For example, 13C is an isotope of carbon that contains seven neutrons in its nucleus — most carbon atoms have six neutrons in the nucleus. Different types of plants contain different amounts of 13C, depending on their method of photosynthesis, and this in turn affects the amount of 13C in the organisms that feed on them. So, determining the amount of 13C in collembolans and mites from orchards can help identify their primary food source.
Nitrogen isotopes, on the other hand, provide clues as to how high up the food pyramid an organism finds itself. A predator will have a relatively higher ratio of 15N to 14N than its prey.
Just as the number of lions depends on the number of impalas, and the number of impalas depends on the amount of grazing, so the size of the predatory mite population hinges on the food chain to which they belong. A better understanding of this food chain could open opportunities for growers to boost their biocontrol.
Collembolans as bio-indicators
Another Hortgro-funded study, led by Janion-Scheepers, is characterising collembolan populations from orchards under different management conditions. Abdul Ghaseeb Jacobs is the master’s student on the project. He has been looking at collembolans from apple orchards, some of which are mulched and some of which aren’t. One surprising finding so far is that the communities sampled from the tree rows are very similar to those from the work rows.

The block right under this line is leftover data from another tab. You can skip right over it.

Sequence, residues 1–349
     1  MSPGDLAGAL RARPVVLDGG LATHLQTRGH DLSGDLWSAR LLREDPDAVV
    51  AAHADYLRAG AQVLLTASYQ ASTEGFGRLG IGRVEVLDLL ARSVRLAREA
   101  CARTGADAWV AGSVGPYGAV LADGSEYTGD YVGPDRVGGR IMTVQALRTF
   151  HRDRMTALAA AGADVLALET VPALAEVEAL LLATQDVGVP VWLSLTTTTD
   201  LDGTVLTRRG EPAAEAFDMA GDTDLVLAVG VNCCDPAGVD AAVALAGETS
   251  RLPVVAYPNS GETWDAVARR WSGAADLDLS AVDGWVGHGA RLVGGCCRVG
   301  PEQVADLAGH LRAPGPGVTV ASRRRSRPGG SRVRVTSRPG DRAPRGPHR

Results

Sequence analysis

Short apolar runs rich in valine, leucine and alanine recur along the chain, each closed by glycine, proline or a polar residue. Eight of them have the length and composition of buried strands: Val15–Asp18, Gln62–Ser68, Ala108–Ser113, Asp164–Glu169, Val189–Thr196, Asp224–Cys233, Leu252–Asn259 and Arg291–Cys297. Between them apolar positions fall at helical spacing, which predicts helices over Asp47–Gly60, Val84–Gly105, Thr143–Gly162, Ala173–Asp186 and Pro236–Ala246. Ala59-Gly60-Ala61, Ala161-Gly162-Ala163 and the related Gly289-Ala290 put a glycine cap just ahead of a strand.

Preliminary data show that collembolan communities differ in sites with and without mulch. Jacobs found a significant decrease in the total number of collembolans in sites without mulch over the course of two seasons. This suggests that mulch is important in maintaining collembolan populations.
The researchers will identify the collembolan species from the different samples, and see whether they are indigenous or introduced. “About 25% of South Africa’s collembolan species are introduced or invasive,” clarifies Janion-Scheepers. “Invasive collembolans are usually more tolerant of heat and desiccation than indigenous species, so if you think about a very barren soil without mulch, those invasive species can better tolerate the dryness and the heat.”
Jacobs has also been sampling collembolans from orchards under shade-netting, to learn more about how the shade-netting boom could impact the species living under them.
The ultimate goal of this research is to find collembolans that can be used as biological indicators of the soil health in agroecosystems, says Jacobs. Measurements based on the identification and enumeration of nematodes are already well-established methods for monitoring soil health. Collembolans can expand the bio-indicator tools available to growers.
This might, for example, give you an indication of whether your mulch treatment is successful in getting the right species composition to enhance predators,” says Janion-Scheepers.
Preliminary results from cover-crop trials conducted by Matthew Addison, crop-protection programme manager at Hortgro Science, showed that collembolan numbers tended to be higher in treatments with more diverse cover crops, compared to treatments with no cover crop, or treatments with a grass-only cover crop. This suggests that enhancing collembolan biodiversity may be one of the mechanisms by which cover crops could improve soil health and pest control.
You want to create an environment where collembolans can thrive, and you want the right mixture of species in your system,” says Janion-Scheepers. Collembolans are a vast unpaid workforce, labouring tirelessly to support your orchards. So, investing in their well-being makes good ecological and economic sense.